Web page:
tained with a feast, which must include fowl and fish
curry. The cocoanuts are given to a washerwoman. On
the fourth day, the girl is bathed, and received back at the
house. Beaten rice, and rice flour mixed with jaggery
(crude sugar) are served out to those assembled. The
girl is kept gosha (secluded) for a time, and fed up with
generous diet.

Under the aliya santana system of inheritance, the
High Court has ruled that there is no marriage within
the meaning of the Penal Code. But, though divorce
and remarriage are permitted to women, there are formal
rules and ceremonies observed in connection with them,
and amongst the well-to-do classes divorce is not looked
upon as respectable, and is not frequent. The fictitious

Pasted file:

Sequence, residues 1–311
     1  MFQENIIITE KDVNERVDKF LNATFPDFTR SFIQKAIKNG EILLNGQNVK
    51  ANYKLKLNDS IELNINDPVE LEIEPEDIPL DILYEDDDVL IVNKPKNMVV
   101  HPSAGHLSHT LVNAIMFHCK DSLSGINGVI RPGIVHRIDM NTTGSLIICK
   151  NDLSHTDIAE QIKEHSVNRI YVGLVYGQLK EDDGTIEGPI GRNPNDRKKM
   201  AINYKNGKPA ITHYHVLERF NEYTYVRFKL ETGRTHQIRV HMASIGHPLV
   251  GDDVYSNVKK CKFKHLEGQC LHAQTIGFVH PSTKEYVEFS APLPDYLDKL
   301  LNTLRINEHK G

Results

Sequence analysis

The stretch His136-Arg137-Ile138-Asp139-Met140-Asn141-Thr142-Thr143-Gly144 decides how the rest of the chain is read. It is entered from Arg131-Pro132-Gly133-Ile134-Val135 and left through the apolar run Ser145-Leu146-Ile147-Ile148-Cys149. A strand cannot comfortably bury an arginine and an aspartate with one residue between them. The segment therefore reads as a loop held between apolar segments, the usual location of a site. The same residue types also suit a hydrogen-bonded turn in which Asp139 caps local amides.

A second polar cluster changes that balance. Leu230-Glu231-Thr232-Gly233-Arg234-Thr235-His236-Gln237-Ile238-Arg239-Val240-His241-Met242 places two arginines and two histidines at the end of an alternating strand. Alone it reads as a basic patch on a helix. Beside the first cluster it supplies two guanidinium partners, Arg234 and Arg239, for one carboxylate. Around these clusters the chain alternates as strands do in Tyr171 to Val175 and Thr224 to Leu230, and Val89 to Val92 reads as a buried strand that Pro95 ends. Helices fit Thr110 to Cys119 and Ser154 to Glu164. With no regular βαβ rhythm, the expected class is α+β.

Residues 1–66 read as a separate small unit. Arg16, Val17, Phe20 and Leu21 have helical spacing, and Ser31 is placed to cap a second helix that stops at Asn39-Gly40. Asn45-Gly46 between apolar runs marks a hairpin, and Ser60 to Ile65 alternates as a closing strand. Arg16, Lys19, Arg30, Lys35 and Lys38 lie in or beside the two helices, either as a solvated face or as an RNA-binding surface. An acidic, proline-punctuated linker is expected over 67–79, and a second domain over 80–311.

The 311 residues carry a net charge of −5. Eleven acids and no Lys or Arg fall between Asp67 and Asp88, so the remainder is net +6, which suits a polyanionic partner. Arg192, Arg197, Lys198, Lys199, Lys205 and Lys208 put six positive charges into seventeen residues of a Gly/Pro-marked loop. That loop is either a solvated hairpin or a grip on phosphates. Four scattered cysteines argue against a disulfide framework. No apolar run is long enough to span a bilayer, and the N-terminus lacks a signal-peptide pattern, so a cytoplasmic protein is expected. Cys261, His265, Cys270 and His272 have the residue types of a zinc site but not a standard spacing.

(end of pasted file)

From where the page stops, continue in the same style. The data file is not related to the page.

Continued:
marriage prevailing amongst the Nayars is unknown
among the Bants, and a wife also usually leaves the
family house, and resides at her husband's, unless she
occupies so senior a position in her own family as to
make it desirable that she should live on the family estate.

The Bants are divided into a number of balis
(exogamous septs), which are traced in the female line,

BANT 164

i.e., a boy belongs to his mother's, not to his father's
bali. Children belonging to the same bali cannot marry,
and the prohibition extends to .certain allied (koodu)
balis. Moreover, a man cannot marry his father's
brother's daughter, though she belongs to a different
bali. In a memorandum by Mr. M. Mundappa Bangera,*
it is stated that " bali in aliya santana families corre-
sponds to gotra of the Brahmins governed by Hindu
law, but differs in that it is derived from the mother's
side, whereas gotra is always derived from the father's
side. A marriage between a boy and girl belonging to
the same bali is considered incestuous, as falling within
the prohibited degrees of consanguinity. It is not at
all difficult to find out the bali to which a man or woman
belongs, as one can scarcely be found who does not

Online LibraryEdgar ThurstonCastes and tribes of southern India (Volume 1) → online text (page 16 of 33)